Captain Munnerlyn will be the smallest player on the field for the Carolina Panthers on Sunday for their highly anticipated matchup with the Saints in New Orleans.
Everyone from Panthers coach Ron Rivera to linebacker Thomas Davis, whose locker is next to Munnerlyn’s, has jokingly poked fun at Munnerlyn’s diminutive stature during his two stints with the team.
But the 5-9, 195-pound cornerback wears his size proudly, and with good reason – one that Munnerlyn has shared this week as part of the NFL’s My Cause My Cleats campaign.
For the second year in a row, players will showcase their charitable causes by wearing custom cleats during Week 13 games.
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Munnerlyn’s Nike cleats promote his foundation, which supports his annual football camp in his hometown of Mobile, Ala., a holiday toy giveaway and the March of Dimes.
Munnerlyn’s involvement with the March of Dimes, which works toward preventing birth defects, premature birth and infant mortality, is personal.
Munnerlyn was a premature baby himself, arriving three months early and weighing 3 pounds when he was born in Mobile in 1988.
The size-8 cleats Munnerlyn will wear Sunday at the Mercedes-Benz Superdome feature an image of a man on top of a mountain, reaching down to help pull another person to the summit.
Munnerlyn wants his story of perseverance – from 3-pound infant to nine-year NFL veteran – to inspire other children who were born prematurely, as well as their families.
“My mama always tells me I could fit in a shoe box when I was so young. I was in and out of the hospital for the first year. I consider myself as a blessing,” Munnerlyn said this week. “That’s why premature kids and the March of Dimes is a big part of what I stand for.”
Friends and family members say Munnerlyn’s birth experience and short stature have helped shape him into a feisty, competitive player who will not back from an opponent, no matter how many inches or pounds he might be giving up.
“I think it really has made him what he is. He’s always had a chip on his shoulder,” Panthers linebacker Thomas Davis said. “He’s always felt like he’s had to prove himself. And that’s kind of how he’s lived his life. He’s a tough kid and we’re definitely happy to have him back.”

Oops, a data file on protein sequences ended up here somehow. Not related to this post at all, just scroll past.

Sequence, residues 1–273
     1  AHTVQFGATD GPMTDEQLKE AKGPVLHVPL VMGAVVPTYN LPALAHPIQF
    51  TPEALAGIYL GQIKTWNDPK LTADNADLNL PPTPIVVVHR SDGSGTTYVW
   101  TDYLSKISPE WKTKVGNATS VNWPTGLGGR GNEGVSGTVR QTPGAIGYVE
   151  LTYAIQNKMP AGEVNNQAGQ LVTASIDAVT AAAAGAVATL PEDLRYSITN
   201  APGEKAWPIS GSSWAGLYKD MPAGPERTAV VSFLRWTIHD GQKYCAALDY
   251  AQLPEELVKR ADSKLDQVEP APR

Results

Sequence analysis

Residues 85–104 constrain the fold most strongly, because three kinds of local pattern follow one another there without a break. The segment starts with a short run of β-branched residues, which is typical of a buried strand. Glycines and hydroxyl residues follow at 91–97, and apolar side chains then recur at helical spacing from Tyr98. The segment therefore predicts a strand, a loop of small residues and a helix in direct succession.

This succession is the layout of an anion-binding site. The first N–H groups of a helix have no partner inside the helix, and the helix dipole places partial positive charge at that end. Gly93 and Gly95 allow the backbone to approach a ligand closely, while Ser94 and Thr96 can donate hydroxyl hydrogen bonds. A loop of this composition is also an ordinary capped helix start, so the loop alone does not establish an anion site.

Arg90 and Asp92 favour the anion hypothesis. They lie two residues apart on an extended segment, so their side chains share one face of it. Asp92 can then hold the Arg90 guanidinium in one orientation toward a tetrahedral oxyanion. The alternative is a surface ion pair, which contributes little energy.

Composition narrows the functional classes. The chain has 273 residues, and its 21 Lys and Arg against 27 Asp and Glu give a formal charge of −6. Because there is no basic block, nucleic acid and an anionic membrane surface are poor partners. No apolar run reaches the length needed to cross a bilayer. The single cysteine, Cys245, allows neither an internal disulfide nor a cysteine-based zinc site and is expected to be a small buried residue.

Stress in Happy Hill
Munnerlyn grew up in a tough section of Mobile called Happy Hill, an ironic name given the amount of violence that took place there.
Evelyn Munnerlyn said there were no physical issues that caused her to go into labor three months early with the youngest of her four children. She wonders whether the stresses of the neighborhood were a factor.
“That was a place where a lot of killing was taking place,” Evelyn Munnerlyn said. “And it was not a great place to bring up a young man.”
Captain, who was named after his great-grandfather, spent several months in the neo-natal intensive care unit. The nurses would call Evelyn frequently to inform her that her tiny baby had succeeded in dislodging one of the various IVs or feeding tubes he was connected to.
“He was feisty even then,” Evelyn said this week during a phone interview.
Munnerlyn had two brothers who were much older – and bigger – than he was, which has become something of a laughing matter in their house.
“I always joke with my mom if she could’ve held on a little longer I probably would have been 6-1, 6-2 like my brothers,” Munnerlyn said.
Munnerlyn has his own theory on why his growth was stunted, blaming it on the sleepovers at his grandmother’s house.
“My grandma had me drinking coffee at 5, 6 years old, man,” Munnerlyn said, smiling. “Watching ‘Matlock’ and ‘Heat of the Night,’ those old shows. Waking up with her at 5, 6 o’clock in the morning.”
Interestingly, Munnerlyn said he was not that much smaller than elementary school classmates. He also lifted weights at an early age, and says he was the same size as the other players on his pee-wee football teams.
“I think everybody just started catching up to me,” he said.
‘He can play some football’
Munnerlyn had stopped growing by the time he reached eighth or ninth grade. As a sophomore wide receiver at Murphy High, Munnerlyn marched into coach Ronn Lee’s office one day and said he wanted the ball more.
Lee told him the next day he could grab a blue jersey and play defensive back.
“I was like, ‘Whoa, whoa, whoa, Coach. No, no, no, no, no. I’m a receiver. I’m not a defensive back,’” Munnerlyn recalled.
“You said you want the ball. If they throw the ball to you on defense and you don’t catch it, that’s your own fault.”
Lee later told Munnerlyn that he moved him to defense because colleges might recruit a 5-9 defensive back, but most of the big schools likely would pass on an undersized wideout.